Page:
Non-toxic powder powered by the Sun zaps bacteria out of contaminated water

STANFORD, Calif. — It’s easy to forget that for many around the world, having clean water is a luxury. Globally, at least two billion people drink water containing disease-causing bacteria. Now, scientists from Stanford University have invented a low-cost, non-toxic, and recyclable powder that can kill thousands of bacteria every second once you expose it to sunlight.

“Waterborne diseases are responsible for 2 million deaths annually, the majority in children under the age of 5,” says study co-lead author Tong Wu, a former postdoctoral scholar of materials science and engineering (MSE) in the Stanford School of Engineering. “We believe that our novel technology will facilitate revolutionary changes in water disinfection and inspire more innovations in this exciting interdisciplinary field.”

Right now, water treatment technologies use chemicals that can produce toxins and UV light, all while taking time to disinfect and requiring electricity to work. This technology developed at Stanford is a simple metallic powder that absorbs both UV and high-energy visible light from the Sun. The powder is made of nano-size flakes of aluminum oxide, molybdenum sulfide, copper, and iron oxide.

“We only used a tiny amount of these materials,” explains senior author Yi Cui, the Fortinet Founders Professor of MSE and of Energy Science & Engineering in the Stanford Doerr School of Sustainability, in a university release. “The materials are low cost and fairly abundant. The key innovation is that, when immersed in water, they all function together.”

water disinfection diagram
Disinfectant powder is stirred in bacteria-contaminated water (upper left). The mixture is exposed to sunlight, which rapidly kills all the bacteria (upper right). A magnet collects the metallic powder after disinfection (lower right). The powder is then reloaded into another beaker of contaminated water, and the disinfection process is repeated (lower left). CREDIT: Tong Wu

How does the cleaning process work?

Once sunlight particles (photons) are absorbed, the molybdenum sulfide/copper catalyst acts like a semiconductor/metal junction, allowing the photons to displace electrons. The electrons are then able to react with water to create hydrogen peroxide and hydroxyl radicals capable of killing bacteria quickly and efficiently by damaging their cell membranes.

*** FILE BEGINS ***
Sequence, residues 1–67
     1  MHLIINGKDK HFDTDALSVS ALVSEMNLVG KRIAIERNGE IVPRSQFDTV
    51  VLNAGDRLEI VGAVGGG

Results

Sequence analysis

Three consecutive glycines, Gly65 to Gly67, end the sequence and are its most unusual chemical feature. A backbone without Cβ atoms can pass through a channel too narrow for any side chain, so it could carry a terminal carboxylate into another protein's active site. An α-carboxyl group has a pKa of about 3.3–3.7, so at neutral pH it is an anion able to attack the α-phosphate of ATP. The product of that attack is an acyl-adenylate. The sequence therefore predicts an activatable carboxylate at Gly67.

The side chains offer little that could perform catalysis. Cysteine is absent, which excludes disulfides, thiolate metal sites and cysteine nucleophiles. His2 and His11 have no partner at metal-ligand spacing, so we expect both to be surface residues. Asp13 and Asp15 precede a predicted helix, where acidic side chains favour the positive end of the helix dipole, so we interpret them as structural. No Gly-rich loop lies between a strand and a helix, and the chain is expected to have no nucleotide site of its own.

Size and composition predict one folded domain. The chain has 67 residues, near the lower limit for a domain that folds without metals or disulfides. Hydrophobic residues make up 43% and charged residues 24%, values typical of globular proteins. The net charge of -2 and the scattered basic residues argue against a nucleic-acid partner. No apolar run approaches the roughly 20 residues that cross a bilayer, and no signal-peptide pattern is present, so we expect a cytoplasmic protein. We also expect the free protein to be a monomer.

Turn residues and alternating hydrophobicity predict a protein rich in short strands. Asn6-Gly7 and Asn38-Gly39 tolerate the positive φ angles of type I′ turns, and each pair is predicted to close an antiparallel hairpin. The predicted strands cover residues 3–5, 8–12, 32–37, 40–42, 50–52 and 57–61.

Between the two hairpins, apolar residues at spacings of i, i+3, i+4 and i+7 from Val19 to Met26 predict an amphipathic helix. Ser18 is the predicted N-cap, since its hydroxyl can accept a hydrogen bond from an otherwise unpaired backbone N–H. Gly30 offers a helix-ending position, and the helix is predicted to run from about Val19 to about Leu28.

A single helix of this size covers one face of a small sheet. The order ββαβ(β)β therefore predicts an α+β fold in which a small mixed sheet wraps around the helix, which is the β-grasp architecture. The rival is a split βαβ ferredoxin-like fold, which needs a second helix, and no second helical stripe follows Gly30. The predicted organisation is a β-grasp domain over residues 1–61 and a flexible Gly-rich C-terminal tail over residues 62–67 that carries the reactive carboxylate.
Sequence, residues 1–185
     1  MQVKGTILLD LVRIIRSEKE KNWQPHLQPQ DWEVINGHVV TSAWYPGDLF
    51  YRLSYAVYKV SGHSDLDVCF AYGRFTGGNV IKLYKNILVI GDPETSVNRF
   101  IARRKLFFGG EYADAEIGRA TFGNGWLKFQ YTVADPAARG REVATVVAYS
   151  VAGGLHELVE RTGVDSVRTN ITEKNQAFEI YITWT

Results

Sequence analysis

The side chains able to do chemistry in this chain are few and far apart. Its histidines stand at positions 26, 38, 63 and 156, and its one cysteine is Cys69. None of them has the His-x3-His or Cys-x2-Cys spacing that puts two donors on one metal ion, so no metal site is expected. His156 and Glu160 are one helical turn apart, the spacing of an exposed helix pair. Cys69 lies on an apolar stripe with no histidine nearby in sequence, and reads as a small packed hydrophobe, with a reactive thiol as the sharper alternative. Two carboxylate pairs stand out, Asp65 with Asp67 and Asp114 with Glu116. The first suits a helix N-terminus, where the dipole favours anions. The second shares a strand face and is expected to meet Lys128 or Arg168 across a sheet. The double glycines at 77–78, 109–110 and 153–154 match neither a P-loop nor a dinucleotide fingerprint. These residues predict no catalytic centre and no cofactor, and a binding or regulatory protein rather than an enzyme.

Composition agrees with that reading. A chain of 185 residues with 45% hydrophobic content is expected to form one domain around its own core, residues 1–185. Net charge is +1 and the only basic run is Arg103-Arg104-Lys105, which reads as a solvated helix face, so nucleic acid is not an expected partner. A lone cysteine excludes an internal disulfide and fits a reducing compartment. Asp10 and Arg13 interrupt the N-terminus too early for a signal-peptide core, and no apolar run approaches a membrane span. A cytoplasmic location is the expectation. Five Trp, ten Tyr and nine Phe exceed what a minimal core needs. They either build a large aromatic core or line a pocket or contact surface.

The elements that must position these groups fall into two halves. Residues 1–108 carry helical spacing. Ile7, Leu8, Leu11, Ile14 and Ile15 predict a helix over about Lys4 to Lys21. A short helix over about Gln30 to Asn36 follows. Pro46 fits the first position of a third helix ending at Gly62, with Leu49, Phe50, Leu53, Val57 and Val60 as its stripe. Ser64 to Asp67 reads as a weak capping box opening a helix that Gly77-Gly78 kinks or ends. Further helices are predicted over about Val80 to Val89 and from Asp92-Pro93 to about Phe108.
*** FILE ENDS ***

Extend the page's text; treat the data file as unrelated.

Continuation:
“We stirred the powder into the contaminated water,” says co-lead author Bofei Liu, a former MSE postdoc. “Then we carried out the disinfection test on the Stanford campus in real sunlight, and within 60 seconds no live bacteria were detected.”

“The lifetime of hydrogen peroxide and hydroxy radicals is very short,” adds Cui. “If they don’t immediately find bacteria to oxidize, the chemicals break down into water and oxygen and are discarded within seconds. So you can drink the water right away.”

The iron oxide makes it possible for the powder to be recyclable, allowing the nanoflakes to be removed from the water using a magnet. The team used magnetism to collect the same powder 30 times to treat 30 different samples of contaminated water.

“For hikers and backpackers, I could envision carrying a tiny amount of powder and a small magnet,” says Cui. “During the day you put the powder in water, shake it up a little bit under sunlight and within a minute you have drinkable water. You use the magnet to take out the particles for later use.”

This environmentally-friendly technology could be a game changer for people in developing nations around the world. The Stanford research team looks ahead to testing the powder on other waterborne pathogens, as this study focused on E. coli.

The findings are published in the journal Nature Water.

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About the Author

Shyla Cadogan

Shyla Cadogan is a recent graduate from the University of Maryland, College Park with a Bachelor’s of Science in Nutrition and Food Science. She is on her way to becoming a Registered Dietitian, with next steps being completion of a dietetic internship at the University of Maryland Medical Center where she currently is gaining experience with various populations and areas of medical nutrition such as Pediatrics, Oncology, GI surgery, and liver and renal transplant. Shyla also has extensive research experience in food composition analysis and food resource management.

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